Storyteller: Alyssa Porier
Extraordinary Circumstance: Darier’s disease
Book: A Swimmer’s Wings (completed; needs funding)
Words by Andie Pearce
Design & Illustration by Esther Ly
Photography by Bjólan Holyoak
Edited by Jeri Larsen
ALYSSA PORIER is a 9-year-old girl, who is passionate about art, cooking, swimming, and being a good friend to others! She is currently on a swim team and has taken 2nd and 3rd place in multiple meets for her backstroke, butterfly, and breaststroke. At the age of four, Alyssa was diagnosed with Darier’s disease, a rare genetic skin disease. She has had to endure rashes, itching, and pain, as well as, multiple trials of various lotions and other medications to help her maintain and control the disease. There is currently no cure for this disease. Typically, Darier’s disease is found in 1:100,000 people, with Alyssa being one of the youngest to ever be diagnosed. As hard as it can be, sometimes, for Alyssa to deal with the effects of Darier’s, she knows that she is someone unique and special. She also enjoys being a part of groups with others, who have rare diseases, and sharing the exceptional qualities that they all have.
Read her book.
Copyright © 2019 by Dallas Graham. All rights reserved. No part of this book may be reproduced in any form by any electronic or mechanical means including photocopying, recording, or information storage and retrieval without permission in writing from the copyright holder.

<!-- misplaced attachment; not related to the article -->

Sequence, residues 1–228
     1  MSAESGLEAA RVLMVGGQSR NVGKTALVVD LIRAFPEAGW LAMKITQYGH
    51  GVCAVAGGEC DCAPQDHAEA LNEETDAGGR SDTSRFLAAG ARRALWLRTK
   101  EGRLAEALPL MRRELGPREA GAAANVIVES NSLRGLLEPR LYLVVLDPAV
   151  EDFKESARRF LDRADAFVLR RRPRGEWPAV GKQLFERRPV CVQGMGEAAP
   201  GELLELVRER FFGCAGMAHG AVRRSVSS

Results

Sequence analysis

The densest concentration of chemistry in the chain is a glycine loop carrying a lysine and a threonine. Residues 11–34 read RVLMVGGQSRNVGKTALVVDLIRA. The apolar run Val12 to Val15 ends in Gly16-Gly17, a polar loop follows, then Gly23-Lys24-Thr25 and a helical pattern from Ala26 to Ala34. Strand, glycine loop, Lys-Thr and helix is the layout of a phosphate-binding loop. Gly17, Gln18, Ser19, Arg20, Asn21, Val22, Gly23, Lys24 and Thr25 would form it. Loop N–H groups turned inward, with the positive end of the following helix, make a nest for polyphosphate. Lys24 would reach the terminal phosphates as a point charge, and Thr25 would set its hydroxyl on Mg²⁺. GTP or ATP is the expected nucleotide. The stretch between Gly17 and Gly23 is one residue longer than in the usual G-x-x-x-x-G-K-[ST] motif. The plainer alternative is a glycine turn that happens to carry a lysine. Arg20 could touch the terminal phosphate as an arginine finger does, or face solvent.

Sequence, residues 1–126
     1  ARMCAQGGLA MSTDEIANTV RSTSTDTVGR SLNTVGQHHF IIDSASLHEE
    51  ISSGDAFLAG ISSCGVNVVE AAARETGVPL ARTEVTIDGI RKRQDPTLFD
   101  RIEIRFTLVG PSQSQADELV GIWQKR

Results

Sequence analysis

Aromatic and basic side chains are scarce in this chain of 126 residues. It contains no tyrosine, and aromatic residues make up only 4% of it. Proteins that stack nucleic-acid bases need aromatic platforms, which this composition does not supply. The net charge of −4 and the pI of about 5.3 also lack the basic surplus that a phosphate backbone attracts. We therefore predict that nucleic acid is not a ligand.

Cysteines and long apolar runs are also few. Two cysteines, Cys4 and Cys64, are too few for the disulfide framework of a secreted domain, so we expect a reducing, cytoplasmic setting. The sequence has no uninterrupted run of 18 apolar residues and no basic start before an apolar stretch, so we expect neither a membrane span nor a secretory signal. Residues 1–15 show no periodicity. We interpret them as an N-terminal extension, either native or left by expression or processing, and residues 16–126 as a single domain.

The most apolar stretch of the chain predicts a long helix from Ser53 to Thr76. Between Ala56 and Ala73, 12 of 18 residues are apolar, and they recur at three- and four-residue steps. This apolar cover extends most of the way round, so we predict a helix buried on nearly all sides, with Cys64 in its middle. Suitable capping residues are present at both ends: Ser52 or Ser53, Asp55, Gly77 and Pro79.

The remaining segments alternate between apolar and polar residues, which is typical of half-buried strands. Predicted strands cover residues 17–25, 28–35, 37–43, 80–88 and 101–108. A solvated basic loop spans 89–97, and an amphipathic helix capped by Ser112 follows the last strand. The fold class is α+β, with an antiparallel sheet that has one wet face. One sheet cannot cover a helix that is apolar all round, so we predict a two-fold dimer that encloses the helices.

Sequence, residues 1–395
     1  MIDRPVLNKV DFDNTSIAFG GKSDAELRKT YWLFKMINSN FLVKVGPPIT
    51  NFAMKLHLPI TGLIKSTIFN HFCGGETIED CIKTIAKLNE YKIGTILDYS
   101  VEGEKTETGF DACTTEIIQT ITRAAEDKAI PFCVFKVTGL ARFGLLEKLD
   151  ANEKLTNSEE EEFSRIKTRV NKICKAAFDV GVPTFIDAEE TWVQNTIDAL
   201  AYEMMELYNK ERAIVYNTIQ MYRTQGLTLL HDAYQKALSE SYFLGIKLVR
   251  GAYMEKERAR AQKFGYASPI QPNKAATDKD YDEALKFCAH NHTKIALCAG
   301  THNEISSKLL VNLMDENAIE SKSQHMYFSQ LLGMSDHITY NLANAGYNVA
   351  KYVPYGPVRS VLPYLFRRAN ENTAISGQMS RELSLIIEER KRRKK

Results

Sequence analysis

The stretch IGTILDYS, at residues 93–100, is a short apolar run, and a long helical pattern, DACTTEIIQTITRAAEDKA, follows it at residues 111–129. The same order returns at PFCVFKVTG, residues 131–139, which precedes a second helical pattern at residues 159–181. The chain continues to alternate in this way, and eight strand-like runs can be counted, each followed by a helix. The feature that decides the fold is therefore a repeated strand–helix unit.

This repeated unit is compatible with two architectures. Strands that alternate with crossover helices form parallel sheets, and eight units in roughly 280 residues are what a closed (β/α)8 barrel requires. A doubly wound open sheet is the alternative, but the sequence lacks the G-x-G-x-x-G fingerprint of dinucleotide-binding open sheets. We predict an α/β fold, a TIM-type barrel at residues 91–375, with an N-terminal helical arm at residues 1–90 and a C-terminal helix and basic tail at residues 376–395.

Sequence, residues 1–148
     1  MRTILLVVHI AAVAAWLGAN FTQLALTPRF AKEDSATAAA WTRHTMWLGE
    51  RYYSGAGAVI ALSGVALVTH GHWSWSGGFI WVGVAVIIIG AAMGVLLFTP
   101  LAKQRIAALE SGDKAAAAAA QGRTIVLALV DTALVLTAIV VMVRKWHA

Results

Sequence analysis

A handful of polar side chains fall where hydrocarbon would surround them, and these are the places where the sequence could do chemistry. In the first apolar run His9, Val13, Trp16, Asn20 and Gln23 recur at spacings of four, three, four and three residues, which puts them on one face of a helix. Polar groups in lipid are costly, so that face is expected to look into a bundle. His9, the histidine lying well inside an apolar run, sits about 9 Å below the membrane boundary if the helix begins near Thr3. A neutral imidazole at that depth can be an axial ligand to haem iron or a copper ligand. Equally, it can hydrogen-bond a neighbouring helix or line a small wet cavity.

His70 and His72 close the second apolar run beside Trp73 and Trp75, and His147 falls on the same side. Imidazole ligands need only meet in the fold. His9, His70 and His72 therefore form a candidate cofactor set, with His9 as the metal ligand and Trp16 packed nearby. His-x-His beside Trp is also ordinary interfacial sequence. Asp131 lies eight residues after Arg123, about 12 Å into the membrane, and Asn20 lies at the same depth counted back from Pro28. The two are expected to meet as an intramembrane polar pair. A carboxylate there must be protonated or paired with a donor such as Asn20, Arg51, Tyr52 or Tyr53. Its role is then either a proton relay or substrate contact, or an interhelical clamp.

Darier disease, also known as Darier’s disease, Darier White disease, and keratosis follicularis, is a rare disorder that causes rough bumps, known as papules, as well as plaques on a person’s skin. While these bumps can occur throughout the body, they generally show up in oil-producing areas, like the face, neck, back, and chest. Nails may appear fragile with red and white streaks, and small pits may form in the hands and feet. Symptoms usually begin during a person’s teenage years. Severity varies between people, and changes throughout a lifetime.
The disease is caused by a mutated gene. If one parent has the mutation, there’s a 50% chance their child will too. However, not every person with this mutation will develop symptoms. Darier’s disease isn’t considered an infection, nor is it contagious.
Genetic testing and skin biopsy can help confirm a diagnosis. Right now, treatments help relieve symptoms, but can’t cure the disorder. There are different medicines available, which are either applied to the skin or taken by mouth. However, some of these treatments don’t work well for everyone, and others come with serious side effects. Dermabrasion, electrosurgery, and Mohs micrographic surgery can also help with some cases.
Learn more about Darier’s disease at these great sources:
National Organization for Rare Disorders: https://rarediseases.info.nih.gov/diseases/6243/darier-disease
Foundation for Ichthyosis and Related Skin Types: http://www.firstskinfoundation.org/content.cfm/category_id/741/page_id/544
Red Fred Project would like to thank our friends at Patient Worthy for their research and participation in sharing this very important information with us regarding this extraordinary circumstance. You can learn more about their work at patientyworthy.com.